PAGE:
I rush back to the bathroom, now perilously close to risking the awakening of a child still possessing a full array of baby teeth, and remind myself that this triumph can still be celebrated, still rewarded, but it will have to be Justin-style. I will not be sneaking into his room at night to stealthily ensconce a shining obelisk under his pillow, would never be foolish enough to either leave him alone with money he could ingest, nor risk liberating him from the hard-won constraints of slumber. No, I’ll have to conjure up another treat, perhaps something as simple as a walk on the boardwalk, or perhaps a new DVD. He will not make the connection between the loss of a body part and the prize, and the fact is, that connection is irrelevant. He will be pleased, and I will know why. That is all that matters.

I cross the cold tile to kneel down in front of my son on his throne. As I encourage him to dress himself he smiles, revealing the missing front tooth that I must have been blind or too wrapped in the fog of my morning fatigue to notice before. There it is, the rough-worn edges, the gap, the empty space waiting to be filled with permanence. I return his smile, for I know that once again I have won that ongoing battle in my head, reconjured my scenario of what should be and replaced it with what instead will transpire, what will turn out to be enough.

And as he reaches for my hand to ease the ache of loss, I can only acknowledge the gain for both of us.



  1. Jess said,

    He will be pleased, and I will know why. That is all that matters.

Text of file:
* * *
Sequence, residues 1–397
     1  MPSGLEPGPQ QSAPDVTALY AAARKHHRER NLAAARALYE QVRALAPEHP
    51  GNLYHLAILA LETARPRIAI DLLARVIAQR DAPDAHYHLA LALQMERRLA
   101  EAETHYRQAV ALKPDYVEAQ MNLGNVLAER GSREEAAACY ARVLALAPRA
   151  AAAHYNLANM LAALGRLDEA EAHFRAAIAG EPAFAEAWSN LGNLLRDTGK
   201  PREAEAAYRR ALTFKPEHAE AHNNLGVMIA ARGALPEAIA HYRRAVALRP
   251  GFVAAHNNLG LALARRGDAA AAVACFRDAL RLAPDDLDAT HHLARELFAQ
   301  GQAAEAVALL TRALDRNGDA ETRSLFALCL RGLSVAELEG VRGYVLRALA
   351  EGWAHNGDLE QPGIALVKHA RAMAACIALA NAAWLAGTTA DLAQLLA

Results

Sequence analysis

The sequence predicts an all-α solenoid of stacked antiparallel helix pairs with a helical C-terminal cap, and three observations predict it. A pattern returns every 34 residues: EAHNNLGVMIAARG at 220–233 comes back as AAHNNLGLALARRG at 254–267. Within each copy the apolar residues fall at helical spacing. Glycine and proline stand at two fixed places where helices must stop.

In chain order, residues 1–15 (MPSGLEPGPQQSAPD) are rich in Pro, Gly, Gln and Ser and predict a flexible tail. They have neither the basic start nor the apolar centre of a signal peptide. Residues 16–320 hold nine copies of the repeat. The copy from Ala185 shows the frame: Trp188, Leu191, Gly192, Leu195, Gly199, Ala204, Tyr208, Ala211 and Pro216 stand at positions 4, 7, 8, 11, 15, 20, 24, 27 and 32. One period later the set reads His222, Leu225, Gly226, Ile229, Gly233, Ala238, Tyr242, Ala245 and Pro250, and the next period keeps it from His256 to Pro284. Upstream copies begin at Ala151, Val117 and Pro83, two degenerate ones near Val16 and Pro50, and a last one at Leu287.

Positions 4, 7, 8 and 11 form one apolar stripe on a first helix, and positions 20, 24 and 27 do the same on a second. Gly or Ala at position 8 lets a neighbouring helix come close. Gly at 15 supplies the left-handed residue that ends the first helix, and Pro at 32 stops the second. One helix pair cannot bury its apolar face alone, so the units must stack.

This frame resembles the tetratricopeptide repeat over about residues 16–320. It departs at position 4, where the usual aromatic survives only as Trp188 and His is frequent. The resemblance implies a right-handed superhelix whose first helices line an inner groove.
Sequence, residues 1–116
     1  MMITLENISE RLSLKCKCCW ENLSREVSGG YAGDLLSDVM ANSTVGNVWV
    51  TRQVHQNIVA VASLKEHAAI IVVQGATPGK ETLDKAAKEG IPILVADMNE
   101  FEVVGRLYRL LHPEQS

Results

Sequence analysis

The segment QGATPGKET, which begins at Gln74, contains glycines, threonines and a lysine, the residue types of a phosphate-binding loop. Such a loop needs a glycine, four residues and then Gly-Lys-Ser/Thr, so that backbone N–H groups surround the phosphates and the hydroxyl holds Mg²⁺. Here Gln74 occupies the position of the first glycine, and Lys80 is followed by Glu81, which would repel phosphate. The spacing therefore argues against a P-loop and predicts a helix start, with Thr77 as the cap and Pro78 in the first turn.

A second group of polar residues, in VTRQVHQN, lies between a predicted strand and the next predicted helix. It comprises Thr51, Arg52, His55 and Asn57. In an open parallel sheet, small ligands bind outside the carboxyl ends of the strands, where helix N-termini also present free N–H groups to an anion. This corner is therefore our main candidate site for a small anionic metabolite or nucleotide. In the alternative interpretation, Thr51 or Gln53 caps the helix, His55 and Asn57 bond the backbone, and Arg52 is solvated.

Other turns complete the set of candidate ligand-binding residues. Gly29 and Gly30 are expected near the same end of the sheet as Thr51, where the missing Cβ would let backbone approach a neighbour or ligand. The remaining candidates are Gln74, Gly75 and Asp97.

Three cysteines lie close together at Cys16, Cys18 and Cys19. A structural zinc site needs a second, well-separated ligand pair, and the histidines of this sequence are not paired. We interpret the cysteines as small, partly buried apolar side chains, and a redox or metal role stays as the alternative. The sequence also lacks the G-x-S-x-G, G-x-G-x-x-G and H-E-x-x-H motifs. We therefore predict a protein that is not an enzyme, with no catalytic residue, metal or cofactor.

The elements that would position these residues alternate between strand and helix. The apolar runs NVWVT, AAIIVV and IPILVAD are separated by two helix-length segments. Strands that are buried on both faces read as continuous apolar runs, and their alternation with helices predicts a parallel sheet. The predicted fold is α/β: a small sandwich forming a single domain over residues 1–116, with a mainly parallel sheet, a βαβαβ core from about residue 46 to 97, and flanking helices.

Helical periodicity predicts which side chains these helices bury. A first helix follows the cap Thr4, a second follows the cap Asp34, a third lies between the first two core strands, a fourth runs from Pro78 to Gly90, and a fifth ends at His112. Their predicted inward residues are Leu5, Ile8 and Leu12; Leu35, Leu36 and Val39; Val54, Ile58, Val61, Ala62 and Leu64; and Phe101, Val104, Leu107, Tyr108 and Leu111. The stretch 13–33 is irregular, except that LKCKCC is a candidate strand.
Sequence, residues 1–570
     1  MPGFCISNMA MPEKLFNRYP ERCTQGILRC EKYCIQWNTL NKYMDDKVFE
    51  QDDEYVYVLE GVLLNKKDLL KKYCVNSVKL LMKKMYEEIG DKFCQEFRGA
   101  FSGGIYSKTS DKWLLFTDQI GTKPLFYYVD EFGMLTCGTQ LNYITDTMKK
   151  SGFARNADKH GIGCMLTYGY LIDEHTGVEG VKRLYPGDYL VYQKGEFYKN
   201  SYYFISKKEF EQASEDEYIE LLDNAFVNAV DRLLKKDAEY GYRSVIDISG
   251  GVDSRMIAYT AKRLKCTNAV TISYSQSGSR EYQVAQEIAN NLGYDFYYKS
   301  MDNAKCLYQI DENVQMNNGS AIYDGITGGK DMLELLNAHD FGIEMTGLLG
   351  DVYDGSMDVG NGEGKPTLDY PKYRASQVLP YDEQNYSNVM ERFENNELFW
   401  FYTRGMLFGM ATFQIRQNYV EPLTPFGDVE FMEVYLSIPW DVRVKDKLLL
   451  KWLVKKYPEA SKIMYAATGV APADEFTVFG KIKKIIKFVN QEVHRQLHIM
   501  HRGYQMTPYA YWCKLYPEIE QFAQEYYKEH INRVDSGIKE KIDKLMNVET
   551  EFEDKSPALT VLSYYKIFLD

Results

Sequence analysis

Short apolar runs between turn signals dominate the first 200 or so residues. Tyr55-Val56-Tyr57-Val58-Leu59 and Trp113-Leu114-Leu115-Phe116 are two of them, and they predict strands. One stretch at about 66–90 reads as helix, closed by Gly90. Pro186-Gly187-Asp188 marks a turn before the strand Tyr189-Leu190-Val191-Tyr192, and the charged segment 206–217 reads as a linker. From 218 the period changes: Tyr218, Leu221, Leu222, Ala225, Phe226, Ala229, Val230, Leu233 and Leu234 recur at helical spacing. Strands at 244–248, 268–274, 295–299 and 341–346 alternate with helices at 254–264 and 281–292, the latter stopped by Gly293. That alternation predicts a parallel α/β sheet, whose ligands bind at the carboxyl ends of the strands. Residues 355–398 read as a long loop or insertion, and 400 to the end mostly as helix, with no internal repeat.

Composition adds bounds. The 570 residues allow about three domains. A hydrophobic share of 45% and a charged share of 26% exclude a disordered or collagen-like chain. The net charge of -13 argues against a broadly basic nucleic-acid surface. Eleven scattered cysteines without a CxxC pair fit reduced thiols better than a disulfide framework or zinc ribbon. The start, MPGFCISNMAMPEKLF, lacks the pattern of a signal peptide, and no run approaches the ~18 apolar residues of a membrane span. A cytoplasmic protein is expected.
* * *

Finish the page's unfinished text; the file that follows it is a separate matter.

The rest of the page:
2. Mom said,

    As always, bring tears to my eyes–the remembering of all those “first” teeth of yours so long ago. Now I have so much pride in how you have made these memories special opportunities for Justin as well. Love you.

  3. LZ said,

    There is oh so much packed into “what will turn out to be enough”…

    I watched my boy the other day, at soccer practice in the pouring rain. He was unsure at first, but after I told him he got to play in the rain, and it was going to be fun, he went right out there and had a great time. They were soaked to the bone, dripping wet, and every parent out there would rather have been anywhere else, but he didn’t flinch. Yes, he was off on the side doing his own thing, and no, he wasn’t really able to keep up with all of the exercises and skill drills. But he stayed out there. I sat on the sidelines with a few tears in my eyes as I watched my son doing something I would never have believed possible even a year ago. And that was enough.

  4. This goes right to the heart of all I believe and hold sacred as a mom and a coach. Your blogs are touching, funny, inspirational and a gift to us all. Thank you Kim for seeing the gifts that are there and for celebrating life’s little moments in a new and creative way!

    • Thanks Babette! Hope all went well Wednesday and you had a great trip, can’t wait to get together!

  5. Cathy M said,

    My son has lost 8 teeth (he’s 9) and only one of them have I ever found! 5 of them came out during his school day at various points, but his teachers and aides never noticed. I do treasure the one tooth that he spit out and handed me one morning as he ate breakfast!

  6. misifusa said,

    Great story…so glad you found it!